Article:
Important diseases of camels
Not a lot of work has been done in camel diseases compared to diseases in other farm animals. A normal camel will have:
- Fluctuating temperatures during the day, for example at 6.00am in the morning temperatures range about 36o C and 6.00pm in the evening around 38o C.
- Lower respiration rates than most farm animals.
- A capability to completely close its nostrils. The lower lips appear more pendulous to be able to breath with closed nostrils.
- Vomit frequently because they are easily irritated.
Trypanosomiasis (or Tryps)
The disease also called surra is transmitted by flies (not tsetse flies) found mostly around river banks and watering points.
It mainly occurs in chronic forms where the animals reduce production and exists as a carrier. Animals in milk reduce their milk yield and frequent cases of abortion for pregnant animals. Affected animals have poor appetite.
Sub acute forms of tryps may last 3 to 4 years. Recovery may occur in some animals and this will depend on whether they are well fed or rested if they are used for work. After recovery the animals acquire immunity. Animals that succumb do not actually die from tryps but due to secondary infection commonly pneumonia because the animals are weak.
Blood checks are done to identify the trypanosomes responsible for the particular diseases. Drugs are used for treatment.
Internal and external parasites
They cause similar problems as in other farm animals. Internal parasites deplete nutrients from camel which is obtained from very difficult conditions. Traditional camel keepers do not seem to mind about this but treatment should be done. Treatment is as in other animals.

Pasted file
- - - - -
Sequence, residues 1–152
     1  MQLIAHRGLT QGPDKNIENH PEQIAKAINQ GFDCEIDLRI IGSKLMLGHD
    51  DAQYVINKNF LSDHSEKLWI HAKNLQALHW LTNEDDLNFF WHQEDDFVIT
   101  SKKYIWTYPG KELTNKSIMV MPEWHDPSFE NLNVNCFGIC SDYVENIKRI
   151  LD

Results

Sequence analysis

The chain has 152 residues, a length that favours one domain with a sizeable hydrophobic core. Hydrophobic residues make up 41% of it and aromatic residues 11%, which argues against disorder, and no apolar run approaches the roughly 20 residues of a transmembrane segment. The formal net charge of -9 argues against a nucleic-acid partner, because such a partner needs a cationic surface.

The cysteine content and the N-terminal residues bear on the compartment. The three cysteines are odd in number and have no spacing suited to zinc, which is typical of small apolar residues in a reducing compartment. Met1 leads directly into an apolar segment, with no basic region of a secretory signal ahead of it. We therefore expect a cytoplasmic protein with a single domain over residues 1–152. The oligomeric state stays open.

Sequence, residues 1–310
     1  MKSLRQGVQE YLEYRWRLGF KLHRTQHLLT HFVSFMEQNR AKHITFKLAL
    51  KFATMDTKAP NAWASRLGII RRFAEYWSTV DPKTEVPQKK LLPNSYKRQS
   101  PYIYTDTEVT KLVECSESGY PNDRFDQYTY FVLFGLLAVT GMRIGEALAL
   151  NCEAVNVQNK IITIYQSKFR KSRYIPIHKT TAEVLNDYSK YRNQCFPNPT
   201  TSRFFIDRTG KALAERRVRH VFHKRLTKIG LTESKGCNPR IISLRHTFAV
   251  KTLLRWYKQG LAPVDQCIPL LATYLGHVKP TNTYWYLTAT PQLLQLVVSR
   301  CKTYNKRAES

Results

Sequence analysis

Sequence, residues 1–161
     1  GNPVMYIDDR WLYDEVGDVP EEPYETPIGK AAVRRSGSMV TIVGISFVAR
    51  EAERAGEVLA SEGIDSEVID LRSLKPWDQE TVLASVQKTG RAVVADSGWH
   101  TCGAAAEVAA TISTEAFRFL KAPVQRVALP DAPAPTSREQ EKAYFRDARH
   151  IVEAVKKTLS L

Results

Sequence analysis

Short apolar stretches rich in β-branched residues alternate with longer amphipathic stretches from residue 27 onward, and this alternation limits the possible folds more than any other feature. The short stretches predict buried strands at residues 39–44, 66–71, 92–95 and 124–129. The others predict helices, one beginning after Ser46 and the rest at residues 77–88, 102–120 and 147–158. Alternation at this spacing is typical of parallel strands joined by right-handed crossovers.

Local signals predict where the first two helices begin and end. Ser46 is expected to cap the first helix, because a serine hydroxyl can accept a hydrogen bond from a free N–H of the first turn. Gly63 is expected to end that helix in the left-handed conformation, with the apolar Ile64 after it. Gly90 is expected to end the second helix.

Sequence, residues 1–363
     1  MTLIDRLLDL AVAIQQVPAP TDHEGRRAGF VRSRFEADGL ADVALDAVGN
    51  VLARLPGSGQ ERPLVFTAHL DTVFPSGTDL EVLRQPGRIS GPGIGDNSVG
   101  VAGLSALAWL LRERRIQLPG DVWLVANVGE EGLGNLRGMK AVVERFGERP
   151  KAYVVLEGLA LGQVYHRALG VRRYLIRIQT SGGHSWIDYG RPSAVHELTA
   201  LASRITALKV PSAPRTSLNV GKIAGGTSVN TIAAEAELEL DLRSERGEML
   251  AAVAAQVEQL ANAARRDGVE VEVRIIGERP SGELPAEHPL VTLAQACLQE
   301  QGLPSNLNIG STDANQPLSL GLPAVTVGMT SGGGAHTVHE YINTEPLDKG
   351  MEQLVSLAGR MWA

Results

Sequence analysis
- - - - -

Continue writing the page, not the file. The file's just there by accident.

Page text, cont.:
Camel mange disease
This is caused by mites. The disease is highly contagious and can spread to herdsmen because the mites can be transmitted by contact. Beddings and tree trunks can be other sources of transmission. Camels rub themselves on tree trunks leaving the mites where the next animal may pick.
The disease affects both old and young animals. Infection starts on the head region then spreads to the neck and the rest of the body. Mites prefer certain regions of the body where the skin is soft for example under the udders. The spread can be fast and the whole skin can be affected just within a month.
Affected areas appear swollen, loose hair appear wrinkled. The animals are irritated and look for opportunities for scratching themselves on trunks. Feeding is reduced there reduction in production. Seriously affected animals appear clumsy and blood oozes out of their skin.
Control is by isolating affected animals to prevent spreading of the disease. Disinfect the area where animals stay overnight and remove the roof if any to expose the mites to sun which to kill them. Phenol in water at 5% is effective and clears the mite.
Treatment should aim at killing the mites and promoting healing of the affected animals. Rub affected areas thoroughly then wash with soap. This assists in healing of the affected areas.
Acaricides are used as in other farm animals but dips are not used in this case. Instead the animals are sprayed or smeared. Camels do not suffer from tick borne diseases, however, spray to clear the ticks.
A viral skin disease especially for young animals between 6 months to 2 years. The incubation period of the virus is 2 weeks after which symptoms of the disease usually frequent diarrhea. Deaths can be fast after signs of diarrhea. Nursing calves attain immunity from colostrum milk if their mothers had suffered from the disease.
The disease attacks camels and the type is similar to the one that attacks horses and pigs. Oedema of skin and difficult breathing due to affected throat, difficult swallowing of food and diarrhea are some of the signs.
The disease can also be transmitted to humans. The animals have high temperatures, elevated pulse rate, swollen lymph nodes, twitching of neck muscle.
Other diseases are tuberculosis, brucellosis, black quarter, pneumonia, tetanus, and rinderpest.